Discretionary fund management: prioritising value over cost
More on Discretionary Management
- OM Wealth puts profits down to restricted advice push
- OMGI profit more than doubles in 2014
- Homecoming for ex-pats
In focus: Outsourcing Investments
There’s a growing movement within the industry suggesting that investors are being taken advantage of by fund management companies with far from transparent charging structures. In recent months fund managers have been accused of displaying similar tactics to low-cost ‘no frills’ airlines; misleading investors about the total costs they pay for the management of their investment.
And in many ways the fund management industry can be worse than a low-cost airline; at least the airline customer knows how much they have paid before boarding the plane, whereas without an industry-wide standard approach to charging the true cost of funds can remain opaque to investors throughout the life of the investment.
Of course transparency is critical. Advisers have to be able to reassure their clients that they understand exactly what they are paying for. Investors should have a fair idea of how much they are paying, but also feel that their investments are being managed to deliver the very best returns for them, not being managed to help line the fund manager’s pockets. By using a discretionary fund management solution, effectively outsourcing investment decision-making to dedicated managers actively monitoring the intrinsic value of the underlying investments, advisers should at the very least feel they a strong level of reassurance on both counts.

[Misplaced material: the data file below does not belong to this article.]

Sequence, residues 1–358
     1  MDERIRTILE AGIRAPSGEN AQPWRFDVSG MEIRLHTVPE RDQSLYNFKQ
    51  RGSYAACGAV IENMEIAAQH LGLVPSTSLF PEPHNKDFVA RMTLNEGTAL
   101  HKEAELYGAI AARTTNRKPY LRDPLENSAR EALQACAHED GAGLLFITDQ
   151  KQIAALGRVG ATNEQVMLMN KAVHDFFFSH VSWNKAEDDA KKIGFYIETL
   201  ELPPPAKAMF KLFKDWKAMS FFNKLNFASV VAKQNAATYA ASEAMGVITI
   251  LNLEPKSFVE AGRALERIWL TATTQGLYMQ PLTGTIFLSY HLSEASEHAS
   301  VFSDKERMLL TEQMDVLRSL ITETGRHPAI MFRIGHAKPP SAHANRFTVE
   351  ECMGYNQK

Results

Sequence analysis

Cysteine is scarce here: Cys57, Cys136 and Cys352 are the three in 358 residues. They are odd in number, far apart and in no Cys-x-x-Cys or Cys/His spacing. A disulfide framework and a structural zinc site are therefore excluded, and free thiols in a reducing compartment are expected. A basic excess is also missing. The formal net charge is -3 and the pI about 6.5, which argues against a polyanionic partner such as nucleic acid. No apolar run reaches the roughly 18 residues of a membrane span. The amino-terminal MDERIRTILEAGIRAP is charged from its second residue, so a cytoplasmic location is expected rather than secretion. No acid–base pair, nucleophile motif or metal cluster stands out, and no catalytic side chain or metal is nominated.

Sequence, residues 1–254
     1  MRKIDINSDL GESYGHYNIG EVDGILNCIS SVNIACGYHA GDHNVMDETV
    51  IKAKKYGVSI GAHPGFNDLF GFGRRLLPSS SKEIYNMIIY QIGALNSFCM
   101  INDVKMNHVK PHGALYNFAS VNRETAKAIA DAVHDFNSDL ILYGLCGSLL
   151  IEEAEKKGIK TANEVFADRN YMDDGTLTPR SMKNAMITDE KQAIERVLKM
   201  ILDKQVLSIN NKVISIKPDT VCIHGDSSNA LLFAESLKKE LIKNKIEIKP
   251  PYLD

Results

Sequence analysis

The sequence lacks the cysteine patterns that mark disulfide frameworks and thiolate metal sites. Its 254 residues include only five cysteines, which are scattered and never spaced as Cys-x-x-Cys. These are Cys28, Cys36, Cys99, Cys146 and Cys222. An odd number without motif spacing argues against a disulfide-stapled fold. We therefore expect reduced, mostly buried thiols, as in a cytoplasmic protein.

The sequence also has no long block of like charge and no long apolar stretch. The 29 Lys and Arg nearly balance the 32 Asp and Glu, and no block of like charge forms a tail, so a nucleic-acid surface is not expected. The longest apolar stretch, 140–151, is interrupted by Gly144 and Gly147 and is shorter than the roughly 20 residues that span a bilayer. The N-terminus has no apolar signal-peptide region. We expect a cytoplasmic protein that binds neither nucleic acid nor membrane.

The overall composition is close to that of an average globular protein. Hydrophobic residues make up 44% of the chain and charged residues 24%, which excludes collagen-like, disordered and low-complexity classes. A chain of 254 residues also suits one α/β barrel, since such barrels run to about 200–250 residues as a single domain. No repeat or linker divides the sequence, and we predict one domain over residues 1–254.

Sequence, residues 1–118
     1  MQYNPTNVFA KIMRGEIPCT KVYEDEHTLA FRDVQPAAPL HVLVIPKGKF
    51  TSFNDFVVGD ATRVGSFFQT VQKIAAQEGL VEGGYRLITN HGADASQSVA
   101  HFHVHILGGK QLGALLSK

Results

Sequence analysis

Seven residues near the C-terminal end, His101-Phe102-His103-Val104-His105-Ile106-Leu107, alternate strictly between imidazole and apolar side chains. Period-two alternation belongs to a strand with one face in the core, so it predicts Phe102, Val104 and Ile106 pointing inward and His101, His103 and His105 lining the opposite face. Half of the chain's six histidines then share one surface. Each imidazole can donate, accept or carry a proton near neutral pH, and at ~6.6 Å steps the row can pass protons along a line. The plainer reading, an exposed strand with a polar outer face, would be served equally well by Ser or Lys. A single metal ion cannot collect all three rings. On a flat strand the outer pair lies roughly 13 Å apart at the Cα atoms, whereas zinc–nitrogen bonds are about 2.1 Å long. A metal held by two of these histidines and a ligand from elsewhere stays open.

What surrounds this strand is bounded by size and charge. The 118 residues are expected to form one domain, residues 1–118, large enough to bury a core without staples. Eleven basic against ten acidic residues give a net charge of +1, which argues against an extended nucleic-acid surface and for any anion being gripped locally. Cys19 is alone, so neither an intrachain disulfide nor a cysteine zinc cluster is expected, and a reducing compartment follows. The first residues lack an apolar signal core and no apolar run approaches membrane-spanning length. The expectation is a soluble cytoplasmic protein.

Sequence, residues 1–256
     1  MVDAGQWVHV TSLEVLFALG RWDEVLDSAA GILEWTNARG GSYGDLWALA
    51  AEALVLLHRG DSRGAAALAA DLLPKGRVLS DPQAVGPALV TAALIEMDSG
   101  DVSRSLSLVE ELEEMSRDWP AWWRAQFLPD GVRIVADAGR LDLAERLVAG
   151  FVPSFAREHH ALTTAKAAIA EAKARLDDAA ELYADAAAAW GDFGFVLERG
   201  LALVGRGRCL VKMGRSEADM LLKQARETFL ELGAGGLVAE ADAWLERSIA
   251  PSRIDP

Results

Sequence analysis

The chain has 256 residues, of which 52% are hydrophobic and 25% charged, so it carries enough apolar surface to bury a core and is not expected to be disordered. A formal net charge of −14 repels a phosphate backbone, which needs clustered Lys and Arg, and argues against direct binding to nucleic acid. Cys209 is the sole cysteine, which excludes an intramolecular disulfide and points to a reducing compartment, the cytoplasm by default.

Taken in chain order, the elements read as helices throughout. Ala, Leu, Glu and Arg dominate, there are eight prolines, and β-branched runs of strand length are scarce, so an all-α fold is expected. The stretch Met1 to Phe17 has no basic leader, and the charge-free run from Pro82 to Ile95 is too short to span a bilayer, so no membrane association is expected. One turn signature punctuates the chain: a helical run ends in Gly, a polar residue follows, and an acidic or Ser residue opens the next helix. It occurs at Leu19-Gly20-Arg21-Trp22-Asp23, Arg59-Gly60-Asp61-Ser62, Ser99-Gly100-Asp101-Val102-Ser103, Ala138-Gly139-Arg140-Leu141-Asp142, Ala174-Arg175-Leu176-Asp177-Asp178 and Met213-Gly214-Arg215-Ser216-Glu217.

But in our view, the debate on pricing transparency is missing the bigger picture. The reason that everyone is in a muddle about transparency and unfair charges is that the industry is seen to be making it really hard to assess ‘value for money’. But most of the industry, and most investors, don’t even know what that is.
The cost of an investment is of course important, but it should never be the most decisive factor. When evaluating an investment only two things really matter. First, that it delivers on the returns that the investor wants (i.e. it delivers a better performance after costs than the benchmark). Second, that it achieves these returns in the way that the investor expects (i.e. without taking excessive risks to get there).
When Octopus was developing its discretionary fund management solution, Octopus Portfolio Manager, we commissioned an independent market report on discretionary solutions using Defaqto, a leading UK independent financial research company specialising in rating, comparing and analysing financial products. In the report, Defaqto recommended financial advisers account for:
• The initial charge
• The portfolio management charge
• The Annual Management Charge (AMC) and/or Total Expense Ratio (TER) for underlying funds utilised within the client’s investment portfolio
• The policy on the share classes utilised within the client’s investment portfolio (retail/institutional)
• The policy on fund charge rebates on underlying funds utilised within the client’s portfolio
• Any transaction charges